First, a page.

So, I think I’ve achieved the minimum of what you are trying to do: match the RGB value of a material with that of a lamp RGB value. Here’s how I did it:
Preface: I’m not sure this is the best way to do this, so any other clarification would be appreciated. Also, I’m using Blender 2.80 beta, so older versions may behave differently.
With the default scene (default cube, camera, point light), I right selected the light and gave it a color value other than its default color (with different R, G, and B values) so I could tell if my drivers were working for the individual channels - specifically, (1.0, .5, .25).
I then selected my cube and went to the Shader Editor. By default the Principled BSDF node connects to the Material Output node’s Surface input. I added an RGB node by pressing
Shift + A, hovering over Input, and clicking RGB. On the RGB node, there is a color preview at the bottom that you can click to display the RGBA selection sliders. Right click on the preview without opening it and select Add Driver. You’ll get a “Show in Drivers Editor” popup - ignore it. Now, click the color preview and the RGBA selection sliders popup will show. You’ll see that the inputs have been colored purple. The process is basically the same for each color component, so I’ll only explain it fully once.
First, you want to select your source for your driver expression. Do this by selecting your lamp - in the default scene, the object is called “Light”. Go to the light object panel, hover over the light color preview, right-click and select “Copy Data Path”. Select your object again and your Shader Editor will show its node tree again. Click on the color preview of the RGB node to bring up the selection sliders. Right-click on the R: component slider and choose Edit Driver. Now follow the below steps referencing the attached screenshot:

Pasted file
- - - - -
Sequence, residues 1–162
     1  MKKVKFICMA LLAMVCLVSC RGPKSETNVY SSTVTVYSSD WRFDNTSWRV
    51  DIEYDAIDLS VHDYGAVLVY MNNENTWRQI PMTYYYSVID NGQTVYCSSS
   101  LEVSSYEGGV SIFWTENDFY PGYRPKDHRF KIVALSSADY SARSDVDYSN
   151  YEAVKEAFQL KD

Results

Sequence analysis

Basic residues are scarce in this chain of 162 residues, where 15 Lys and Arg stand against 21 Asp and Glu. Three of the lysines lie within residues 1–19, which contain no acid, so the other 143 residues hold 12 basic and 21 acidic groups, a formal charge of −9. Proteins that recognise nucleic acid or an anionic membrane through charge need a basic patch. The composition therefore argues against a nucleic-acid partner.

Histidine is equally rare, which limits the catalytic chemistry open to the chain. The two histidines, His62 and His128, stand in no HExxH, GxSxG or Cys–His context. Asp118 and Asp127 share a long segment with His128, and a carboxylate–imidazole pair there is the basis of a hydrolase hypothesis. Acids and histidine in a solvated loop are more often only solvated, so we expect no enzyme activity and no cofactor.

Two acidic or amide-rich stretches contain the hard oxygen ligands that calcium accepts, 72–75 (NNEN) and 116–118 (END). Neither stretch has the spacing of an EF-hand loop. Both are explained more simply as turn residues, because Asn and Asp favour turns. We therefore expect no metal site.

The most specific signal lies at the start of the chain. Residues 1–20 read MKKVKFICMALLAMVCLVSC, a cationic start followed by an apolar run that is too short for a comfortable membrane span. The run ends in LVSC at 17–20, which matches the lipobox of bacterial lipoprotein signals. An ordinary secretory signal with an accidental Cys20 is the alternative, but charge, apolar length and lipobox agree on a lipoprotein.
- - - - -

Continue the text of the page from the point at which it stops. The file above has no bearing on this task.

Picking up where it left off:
- Click the Driver Variable Type dropdown and change it from Transform Channel to Single Property.
- Change the name of the variable from var to Red. This variable name is not directly connected to your lamp’s R value. It could literally be named Elephant, but when dealing with programming languages you want to use variable names that are meaningful, and var does not mean anything to you at this point.
- Click the ID block Type dropdown and select Light.
- Click the ID block Name list and select the name of your light (in this case, its name is Light).
- Click in the Path field, and paste the data path we copied before. It should now show as simply the word color.
- Blender stores the RGBA data for the color of a lamp in a collection. In programming, individual items in a collection can be referenced by using their index number - in Python, referencing the first item in a collection is done by starting at zero and looks like
collection. You want to reference the first item in the color collection (the red component value), so you will type
 at the end of the color path that you just pasted. For subsequent drivers, green will be referenced by adding
 at the end of the pasted data path and blue will be referenced by adding
 at the end of the pasted data path.
- Finally, change your Expression to simply reference the name of the variable you created in step 2 - Red.
Repeat those steps for the green and blue component drivers, and your drivers are done. Finally, connect the color output of the RGB node into the base color input of the Principled BSDF node. Now any change in the color of the light will update the color of your object’s base color.
Please let me know if you need clarification or additional assistance. Happy blending!